Whew! We survived 2017 and that’s all I’ll say about that. We’re being positive, right? So Happy New Year to you, to us, to all those we hold dear.
When I was thinking about what I’d write today, I remembered something my mother used to say (and do) every time I moved into a new house or apartment.
“Fransi,” she’d say, “remember to bring a piece of bread, some salt, some sugar and a new broom with you the first time you go in. And make sure you enter with your right foot first.” It wasn’t enough she’d told me, she always went with me, armed with all the supplies, just in case I forgot or decided to ignore her.
It’s funny because I am superstitious, but I thought it was some kind of silly old wive’s tale until a cousin of mine showed up a few days before I moved into the first house I bought with a broom and a filled paper bag.. It wasn’t just my mother, so maybe there was something to it, after all. Couldn’t hurt, I suppose, so I became a convert.
After my mom passed, I did forget about this tradition/superstition and didn’t follow her instructions when I moved into my current apartment. Maybe that’s why I’ve never really liked it. Note to self — make sure you do all of the above next time.
For those who are curious, here’s the significance of it all:
- The bread is so you’ll never go hungry.
- The salt is meant to replace tears, spice up your life and bring good luck.
- The sugar is there to bring sweetness to your life.
- The broom makes sure you can sweep troubles and bad luck away.
- Entering your new home with your right foot first is so you’ll start off right.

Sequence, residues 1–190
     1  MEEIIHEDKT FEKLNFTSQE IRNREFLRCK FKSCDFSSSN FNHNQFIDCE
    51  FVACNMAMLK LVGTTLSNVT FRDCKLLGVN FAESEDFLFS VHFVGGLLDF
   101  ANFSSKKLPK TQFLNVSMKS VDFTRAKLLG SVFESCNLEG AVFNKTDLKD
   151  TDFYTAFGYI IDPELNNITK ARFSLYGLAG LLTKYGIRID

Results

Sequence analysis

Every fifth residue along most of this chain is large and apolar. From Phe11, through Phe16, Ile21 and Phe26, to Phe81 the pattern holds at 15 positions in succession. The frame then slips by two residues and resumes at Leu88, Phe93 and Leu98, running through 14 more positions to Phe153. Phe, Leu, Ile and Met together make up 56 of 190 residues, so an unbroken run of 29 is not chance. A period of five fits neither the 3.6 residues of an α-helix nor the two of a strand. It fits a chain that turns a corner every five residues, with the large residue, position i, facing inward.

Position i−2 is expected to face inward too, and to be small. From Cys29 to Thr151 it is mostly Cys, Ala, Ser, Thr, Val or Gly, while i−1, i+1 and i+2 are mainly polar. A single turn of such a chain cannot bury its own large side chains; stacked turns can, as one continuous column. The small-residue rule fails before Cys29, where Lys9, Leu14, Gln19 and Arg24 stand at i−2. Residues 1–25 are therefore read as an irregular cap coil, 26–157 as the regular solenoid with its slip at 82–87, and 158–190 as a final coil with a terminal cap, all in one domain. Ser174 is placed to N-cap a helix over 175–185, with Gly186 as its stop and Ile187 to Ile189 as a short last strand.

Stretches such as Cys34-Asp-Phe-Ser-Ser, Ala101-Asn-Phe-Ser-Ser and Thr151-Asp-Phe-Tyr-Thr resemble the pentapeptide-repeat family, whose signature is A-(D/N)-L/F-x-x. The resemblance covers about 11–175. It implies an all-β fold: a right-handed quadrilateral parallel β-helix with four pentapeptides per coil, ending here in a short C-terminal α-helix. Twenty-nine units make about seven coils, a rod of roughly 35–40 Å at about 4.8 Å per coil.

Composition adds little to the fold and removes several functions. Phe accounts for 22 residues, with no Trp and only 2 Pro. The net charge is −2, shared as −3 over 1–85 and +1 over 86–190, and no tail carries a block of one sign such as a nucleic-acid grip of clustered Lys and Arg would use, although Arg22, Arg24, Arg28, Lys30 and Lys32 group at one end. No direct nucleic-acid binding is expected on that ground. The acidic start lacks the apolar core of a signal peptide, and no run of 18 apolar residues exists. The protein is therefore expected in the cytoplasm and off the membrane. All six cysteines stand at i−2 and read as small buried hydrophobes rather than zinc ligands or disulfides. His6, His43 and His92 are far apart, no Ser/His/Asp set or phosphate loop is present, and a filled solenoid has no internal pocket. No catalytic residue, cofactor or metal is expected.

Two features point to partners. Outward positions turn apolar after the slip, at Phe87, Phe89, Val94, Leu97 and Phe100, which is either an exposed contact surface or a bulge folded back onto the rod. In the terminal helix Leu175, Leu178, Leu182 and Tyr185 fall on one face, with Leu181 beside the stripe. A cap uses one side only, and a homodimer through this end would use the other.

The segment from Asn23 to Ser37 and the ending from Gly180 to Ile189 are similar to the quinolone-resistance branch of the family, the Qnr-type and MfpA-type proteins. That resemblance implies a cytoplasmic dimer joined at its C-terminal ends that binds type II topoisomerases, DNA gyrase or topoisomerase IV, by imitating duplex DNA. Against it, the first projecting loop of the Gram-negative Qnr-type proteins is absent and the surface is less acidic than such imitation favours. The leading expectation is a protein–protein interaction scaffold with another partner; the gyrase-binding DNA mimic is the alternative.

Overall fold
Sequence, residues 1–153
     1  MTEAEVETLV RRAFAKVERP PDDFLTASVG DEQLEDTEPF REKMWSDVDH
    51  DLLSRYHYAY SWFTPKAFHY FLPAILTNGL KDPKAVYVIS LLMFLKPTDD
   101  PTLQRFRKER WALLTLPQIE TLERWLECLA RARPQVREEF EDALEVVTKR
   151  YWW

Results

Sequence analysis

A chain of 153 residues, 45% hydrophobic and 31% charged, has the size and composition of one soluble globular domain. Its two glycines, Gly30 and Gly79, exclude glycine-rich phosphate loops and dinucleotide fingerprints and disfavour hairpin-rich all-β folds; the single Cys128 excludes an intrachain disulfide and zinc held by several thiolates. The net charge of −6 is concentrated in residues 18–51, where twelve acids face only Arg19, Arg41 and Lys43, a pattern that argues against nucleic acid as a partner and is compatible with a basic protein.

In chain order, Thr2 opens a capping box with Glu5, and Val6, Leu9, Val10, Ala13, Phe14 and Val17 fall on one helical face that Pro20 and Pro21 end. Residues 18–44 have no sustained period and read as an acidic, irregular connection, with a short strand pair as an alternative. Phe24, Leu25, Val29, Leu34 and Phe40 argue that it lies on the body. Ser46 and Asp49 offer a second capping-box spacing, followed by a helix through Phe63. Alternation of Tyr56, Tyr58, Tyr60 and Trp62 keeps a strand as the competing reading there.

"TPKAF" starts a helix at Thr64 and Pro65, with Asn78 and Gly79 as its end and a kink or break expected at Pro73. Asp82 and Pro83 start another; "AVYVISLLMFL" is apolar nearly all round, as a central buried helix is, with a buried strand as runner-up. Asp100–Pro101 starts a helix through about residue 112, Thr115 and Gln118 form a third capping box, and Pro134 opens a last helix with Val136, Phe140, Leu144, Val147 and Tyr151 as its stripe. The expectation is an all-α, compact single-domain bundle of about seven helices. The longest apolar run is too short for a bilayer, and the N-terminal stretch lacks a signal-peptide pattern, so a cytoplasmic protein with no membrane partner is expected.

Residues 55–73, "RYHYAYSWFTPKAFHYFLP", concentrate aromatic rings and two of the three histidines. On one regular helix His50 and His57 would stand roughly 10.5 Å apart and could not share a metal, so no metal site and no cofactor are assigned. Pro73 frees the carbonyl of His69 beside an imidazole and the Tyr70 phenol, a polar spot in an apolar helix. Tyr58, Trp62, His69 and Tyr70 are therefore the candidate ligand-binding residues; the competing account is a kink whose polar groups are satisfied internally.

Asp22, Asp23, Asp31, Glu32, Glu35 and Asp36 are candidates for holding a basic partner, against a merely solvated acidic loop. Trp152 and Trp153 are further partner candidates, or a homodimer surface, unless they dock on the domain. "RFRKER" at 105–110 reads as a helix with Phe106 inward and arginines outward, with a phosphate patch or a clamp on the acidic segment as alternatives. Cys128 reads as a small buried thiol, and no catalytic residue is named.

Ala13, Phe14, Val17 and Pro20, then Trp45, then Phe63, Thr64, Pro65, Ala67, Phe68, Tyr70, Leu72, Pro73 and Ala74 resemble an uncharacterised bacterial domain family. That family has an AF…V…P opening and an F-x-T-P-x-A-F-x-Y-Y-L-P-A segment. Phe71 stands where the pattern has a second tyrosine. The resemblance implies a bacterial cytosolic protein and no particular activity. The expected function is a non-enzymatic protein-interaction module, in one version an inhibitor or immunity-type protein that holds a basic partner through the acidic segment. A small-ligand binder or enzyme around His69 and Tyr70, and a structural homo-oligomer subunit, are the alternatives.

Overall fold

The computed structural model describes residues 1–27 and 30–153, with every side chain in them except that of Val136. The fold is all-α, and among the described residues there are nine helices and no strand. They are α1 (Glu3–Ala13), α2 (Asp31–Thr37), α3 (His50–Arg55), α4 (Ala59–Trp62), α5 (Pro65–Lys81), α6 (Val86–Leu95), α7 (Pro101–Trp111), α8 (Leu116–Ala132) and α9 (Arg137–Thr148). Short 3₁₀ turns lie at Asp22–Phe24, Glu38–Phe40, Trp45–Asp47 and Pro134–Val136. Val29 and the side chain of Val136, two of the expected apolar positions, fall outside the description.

You have to admit, there is a logic to it. And it’s a lovely, loving, kind, positive sentiment. So why not, right?
Like I said, when I was giving this blog post some thought, that’s what popped into my mind. And then I thought, what a wonderful way to approach a new year, especially after the one we’ve just had.
So as the clock struck 12 this past New Year’s Eve I made sure that the very first step I took was with my right foot. While I left the baggage from 2017 behind, what I did take with me were the things my mother made sure I had every time I’ve walked into a new home — only this time I carried them with me symbolically.
And I said a little prayer for all of you, wishing you the same.
To 2018 — may it bring us all peace, love, good health, good luck and contentment. If we’re fortunate enough to have all that, we will be rich beyond our dreams.
Funny and beautiful!
Wishing you a happy, healthy New Year!
Thank you, and the very same to you.
thank you so much )
You’re welcome 😊
What a wonderful way of being witchy. Your mother great sentiments instilled in you have made you a kind,funny, intelligent witch! I love that her thoughts come through to you during important times in your life and that you pass These sentiments.
My grandmother used to say to throw salt over your left shoulder and burn sage( where she came up with that new age wisdom,I do not know)
I hope some day you will write a book ..it would be tops on my list!
Fantastic news that Hoda Kobb…she is new anchor..she has always had wonderful,kindly,vibes!